Flow My Tears, the Policeman Said, by Philip K Dick

1974. Take one genetically-perfected global entertainer adored by a weekly audience in the millions, then subtract every evidence of his  existence. So Dick starts the tale of a man in search of himself.

Jason Taverner, 42, gives his last color 3D TV show in LA on October 11, 1988, hops in his skyfly with Heather, his beautiful genetically-perfected girlfriend, and they decompress by talking about marriage, about their home in Zurich, about their future. Then the skyfly’s phone rings.

It’s Marilyn, an old protegee turned girlfriend. The girl’s hysterical. Is she pregnant? Jason diverts the skyfly to Marilyn’s apartment to do damage control. Heather fumes, “Does she have nice boobs?” “Actually, yes,” Jason says. He enjoys millions of female admirers.

Marilyn is out of her mind. She attacks Jason with some Dickian object comprised of fifty feeding tubes that attach to Jason’s chest, sending him to a hospital ER.

Later, Jason wakes alone in a seedy hotel room, a wad of cash and his tailored silk suit his only possessions. There starts his quest to convince the world he exists beyond his physical presence, that he actually has a career, wealth, and a fan base of millions. No one has heard of him; he’s taken for just another delusional denizen of the sad part of town, and what’s worse he has no ID in a police state. Only terrorists and criminals lack IDs.

Jason goes underground and burns through his wad of cash quickly buying false ID’s from a police informant. Now he’s on the run and none of his friends have heard of him. Heather takes him for just another stalking nobody who somehow got her private number.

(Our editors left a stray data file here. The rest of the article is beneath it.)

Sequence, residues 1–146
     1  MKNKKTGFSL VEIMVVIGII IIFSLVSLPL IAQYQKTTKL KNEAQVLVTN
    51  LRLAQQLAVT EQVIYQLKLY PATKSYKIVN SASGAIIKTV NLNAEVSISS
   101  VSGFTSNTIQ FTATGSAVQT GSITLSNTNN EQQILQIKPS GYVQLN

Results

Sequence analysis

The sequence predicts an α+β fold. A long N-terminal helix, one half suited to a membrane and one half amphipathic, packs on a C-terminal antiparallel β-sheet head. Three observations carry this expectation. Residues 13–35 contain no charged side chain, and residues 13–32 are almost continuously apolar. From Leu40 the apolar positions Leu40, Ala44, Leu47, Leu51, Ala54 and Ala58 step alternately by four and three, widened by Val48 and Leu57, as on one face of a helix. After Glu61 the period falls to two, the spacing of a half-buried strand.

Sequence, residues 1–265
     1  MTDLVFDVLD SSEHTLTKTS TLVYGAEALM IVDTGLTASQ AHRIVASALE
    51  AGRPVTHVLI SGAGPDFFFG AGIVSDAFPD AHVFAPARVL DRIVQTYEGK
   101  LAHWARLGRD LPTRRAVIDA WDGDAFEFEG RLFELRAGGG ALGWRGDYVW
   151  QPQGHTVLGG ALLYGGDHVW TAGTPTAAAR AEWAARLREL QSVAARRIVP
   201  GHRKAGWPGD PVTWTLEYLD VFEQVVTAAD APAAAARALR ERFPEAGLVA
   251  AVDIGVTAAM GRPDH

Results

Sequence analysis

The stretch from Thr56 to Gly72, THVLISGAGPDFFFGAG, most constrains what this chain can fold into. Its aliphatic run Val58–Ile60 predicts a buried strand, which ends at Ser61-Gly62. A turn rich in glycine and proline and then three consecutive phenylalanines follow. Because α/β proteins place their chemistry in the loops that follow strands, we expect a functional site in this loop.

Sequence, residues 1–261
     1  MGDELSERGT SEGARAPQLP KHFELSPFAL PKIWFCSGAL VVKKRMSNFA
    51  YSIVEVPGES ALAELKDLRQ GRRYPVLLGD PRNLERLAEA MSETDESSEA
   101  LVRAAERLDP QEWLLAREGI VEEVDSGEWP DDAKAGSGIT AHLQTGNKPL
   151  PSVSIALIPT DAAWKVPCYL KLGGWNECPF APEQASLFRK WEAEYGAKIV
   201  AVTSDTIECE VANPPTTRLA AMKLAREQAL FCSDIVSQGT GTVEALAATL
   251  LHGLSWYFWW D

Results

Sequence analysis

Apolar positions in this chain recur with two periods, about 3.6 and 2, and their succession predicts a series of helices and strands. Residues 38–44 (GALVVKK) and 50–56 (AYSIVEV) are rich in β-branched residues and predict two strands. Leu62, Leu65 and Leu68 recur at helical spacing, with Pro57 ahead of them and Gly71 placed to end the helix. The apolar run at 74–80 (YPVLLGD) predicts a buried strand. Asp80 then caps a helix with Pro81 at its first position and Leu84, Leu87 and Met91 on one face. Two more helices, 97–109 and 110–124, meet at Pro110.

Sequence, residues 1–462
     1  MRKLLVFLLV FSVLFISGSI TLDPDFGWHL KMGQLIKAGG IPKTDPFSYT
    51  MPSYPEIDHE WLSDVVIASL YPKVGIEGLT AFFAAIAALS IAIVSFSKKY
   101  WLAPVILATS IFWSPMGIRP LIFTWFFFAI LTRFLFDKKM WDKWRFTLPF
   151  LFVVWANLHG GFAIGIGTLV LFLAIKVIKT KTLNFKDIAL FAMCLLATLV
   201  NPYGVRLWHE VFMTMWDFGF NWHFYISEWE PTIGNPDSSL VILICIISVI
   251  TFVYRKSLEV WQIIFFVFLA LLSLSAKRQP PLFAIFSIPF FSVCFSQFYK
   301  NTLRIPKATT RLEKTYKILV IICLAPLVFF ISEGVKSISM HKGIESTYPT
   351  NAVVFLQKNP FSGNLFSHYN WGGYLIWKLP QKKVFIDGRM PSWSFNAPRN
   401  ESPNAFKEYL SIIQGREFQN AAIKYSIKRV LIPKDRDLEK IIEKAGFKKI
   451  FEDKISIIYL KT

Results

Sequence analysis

Dick explores identity, fame, self-worth, humanity, the individual v the state. Jason’s journey takes us through a near-future with a united world, settlements on Mars and elsewhere, a global identity data base, but oddly with phones still tethered and music still vinyl.

Dick is always spare enough in his narration that you (I do, at any rate) want to spend time in his world for how it questions you. Not many authors can consistently deliver that sort of magic.



M L Rudolph has worked for CNN among other American and British television and film companies. He has written for general interest and trade magazines and published his first novel, Facing the Son, A novel of Africa, on Amazon in 2011. More are on the way. Rudolph is a dual US/UK national and lives in Pasadena, CA. View all posts by M L RUDOLPH

Leave a Reply

Fill in your details below or click an icon to log in:

WordPress.com Logo

You are commenting using your WordPress.com account. Log Out /  Change )

Google+ photo

You are commenting using your Google+ account. Log Out /  Change )

Twitter picture

You are commenting using your Twitter account. Log Out /  Change )

Facebook photo

You are commenting using your Facebook account. Log Out /  Change )

Connecting to %s

%d bloggers like this: